In a news release, Kansas City Southern Railroad has announced that its subsidiaries, KCSR and Tex Mex, were recognized with three safety awards at the annual E.H. Harriman Safety Awards ceremony, hosted by the Association of American Railroads in Washington, D.C. on May 16.
> KCSR received an E.H. Harriman Safety Award silver medal in Group B for line-haul railroads with four to 15 million employee-hours worked.
> Tex Mex received an E.H. Harriman Safety Award special certificate of commendation for continuous improvement in safety performance.
> Engineer Raul Martinez, based in Laredo, TX, received a Harold F. Hammond Award certificate of commendation for his work in enhancing safety.
KCS was represented at the ceremony by nine craft and management employees, including vice president and chief mechanical officer John Foster, transportation director safety Trenton Anderson, engineering director safety and training Ricky Briggs and mechanical assistant manager safety and training William Spencer of Shreveport, La., general director safety, health and operating practices Kevin McIntosh and conductor Ralph Manley of Kansas City, Mo., carman Sidney Magee of Jackson, Miss., engineer Raul Martinez of Laredo, TX and machine operator Marvin Meredith of Heavener, Okla.
In a news release about the ceremony on May 16, the Association of American Railroads announced that the employees of the nation's railroads reported their lowest employee casualty rate in history during 2005, and that the industry employee casualty rate has dropped almost 70 percent over the past 15 years. At the safety awards ceremony, 12 railroads received gold, silver or bronze E.H. Harriman Memorial Safety Awards in four separate categories.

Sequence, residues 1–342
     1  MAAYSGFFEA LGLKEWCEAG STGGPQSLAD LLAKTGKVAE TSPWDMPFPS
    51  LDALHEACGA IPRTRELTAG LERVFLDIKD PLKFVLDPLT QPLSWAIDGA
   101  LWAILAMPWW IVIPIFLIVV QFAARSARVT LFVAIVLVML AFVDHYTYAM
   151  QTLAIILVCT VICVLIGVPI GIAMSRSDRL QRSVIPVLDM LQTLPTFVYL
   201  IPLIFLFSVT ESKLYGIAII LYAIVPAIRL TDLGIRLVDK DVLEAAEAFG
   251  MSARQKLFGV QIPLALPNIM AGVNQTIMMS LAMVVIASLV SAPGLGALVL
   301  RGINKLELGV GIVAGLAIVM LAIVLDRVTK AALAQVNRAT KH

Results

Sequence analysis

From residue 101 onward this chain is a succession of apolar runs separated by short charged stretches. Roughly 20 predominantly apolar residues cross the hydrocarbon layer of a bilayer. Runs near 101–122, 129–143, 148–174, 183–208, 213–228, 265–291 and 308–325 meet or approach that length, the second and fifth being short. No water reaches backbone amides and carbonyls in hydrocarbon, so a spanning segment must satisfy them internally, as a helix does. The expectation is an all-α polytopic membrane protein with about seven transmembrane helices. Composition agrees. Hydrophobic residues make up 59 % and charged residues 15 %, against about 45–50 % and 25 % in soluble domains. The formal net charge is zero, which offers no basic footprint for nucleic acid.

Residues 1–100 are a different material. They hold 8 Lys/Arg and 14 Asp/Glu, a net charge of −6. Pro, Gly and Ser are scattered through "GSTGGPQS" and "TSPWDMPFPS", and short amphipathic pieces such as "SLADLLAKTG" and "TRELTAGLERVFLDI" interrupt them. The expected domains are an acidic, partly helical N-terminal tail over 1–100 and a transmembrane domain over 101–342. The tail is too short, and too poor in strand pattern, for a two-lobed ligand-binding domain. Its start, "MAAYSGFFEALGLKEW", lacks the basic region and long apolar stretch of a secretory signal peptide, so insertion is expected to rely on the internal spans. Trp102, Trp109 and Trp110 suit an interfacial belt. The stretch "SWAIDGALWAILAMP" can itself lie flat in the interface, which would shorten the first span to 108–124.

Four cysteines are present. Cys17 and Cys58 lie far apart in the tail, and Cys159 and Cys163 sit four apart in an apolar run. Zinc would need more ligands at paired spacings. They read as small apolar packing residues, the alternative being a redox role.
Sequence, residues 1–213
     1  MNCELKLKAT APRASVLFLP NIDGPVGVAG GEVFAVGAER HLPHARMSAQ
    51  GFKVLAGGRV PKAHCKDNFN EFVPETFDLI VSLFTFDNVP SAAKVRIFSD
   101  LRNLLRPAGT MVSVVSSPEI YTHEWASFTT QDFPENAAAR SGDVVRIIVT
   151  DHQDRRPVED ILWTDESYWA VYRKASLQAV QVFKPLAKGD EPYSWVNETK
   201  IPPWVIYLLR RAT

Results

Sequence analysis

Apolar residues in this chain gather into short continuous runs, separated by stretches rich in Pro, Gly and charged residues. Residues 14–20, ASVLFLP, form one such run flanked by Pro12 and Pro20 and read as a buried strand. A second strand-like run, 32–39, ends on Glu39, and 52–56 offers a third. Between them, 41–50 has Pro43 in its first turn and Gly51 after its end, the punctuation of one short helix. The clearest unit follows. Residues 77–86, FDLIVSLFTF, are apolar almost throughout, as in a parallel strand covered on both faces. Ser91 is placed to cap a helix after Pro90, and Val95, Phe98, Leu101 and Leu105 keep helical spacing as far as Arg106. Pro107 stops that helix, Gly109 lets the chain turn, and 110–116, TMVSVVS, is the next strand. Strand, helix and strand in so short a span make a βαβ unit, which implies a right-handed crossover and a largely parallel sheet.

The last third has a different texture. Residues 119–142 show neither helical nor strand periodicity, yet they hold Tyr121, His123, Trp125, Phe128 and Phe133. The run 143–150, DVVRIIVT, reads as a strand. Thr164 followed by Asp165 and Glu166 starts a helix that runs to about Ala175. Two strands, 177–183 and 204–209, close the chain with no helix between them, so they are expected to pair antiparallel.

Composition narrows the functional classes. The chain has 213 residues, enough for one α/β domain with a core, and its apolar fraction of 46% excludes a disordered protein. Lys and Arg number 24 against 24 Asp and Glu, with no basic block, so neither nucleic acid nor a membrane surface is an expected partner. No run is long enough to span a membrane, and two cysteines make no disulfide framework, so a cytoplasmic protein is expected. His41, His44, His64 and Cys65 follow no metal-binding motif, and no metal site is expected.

Winners are chosen by a committee of individuals in the transportation field. Awards are granted to railroads on the basis of the lowest casualty rates per 200,000 employee-hours worked, with a formula that takes into account the volume of work performed, as well as the number of fatalities, injuries and occupational illnesses, all documented and confirmed by the Federal Railroad Administration.
The annual rail employee safety awards were founded in 1913 by the late Mrs. Mary W. Harriman in memory of her husband, Edward H. Harriman, a pioneer in American railroading. For many years, the program was sponsored by their two sons, E. Roland Harriman and the Honorable W. Averell Harriman, now both deceased. The awards are currently administered under the auspices of the E.H. Harriman Memorial Awards Institute, with support from the Mary W. Harriman Foundation.
At the time the Harriman Awards were founded, railroading was considered among the nation's most dangerous occupations. However, employee injury rates have declined sharply - with almost an 80 percent decline just since 1980 - and today railroad employees have injury rates comparable to employees in retail stores and lower than those in other modes of transportation.
The Harold F. Hammond Award was established in 1986 and is awarded to an individual railroad employee who has demonstrated outstanding safety achievement during the preceding year. It is named for the late Harold F. Hammond, former president of the Transportation Association of America, who had served many years as chairman of the Harriman Awards selection committee.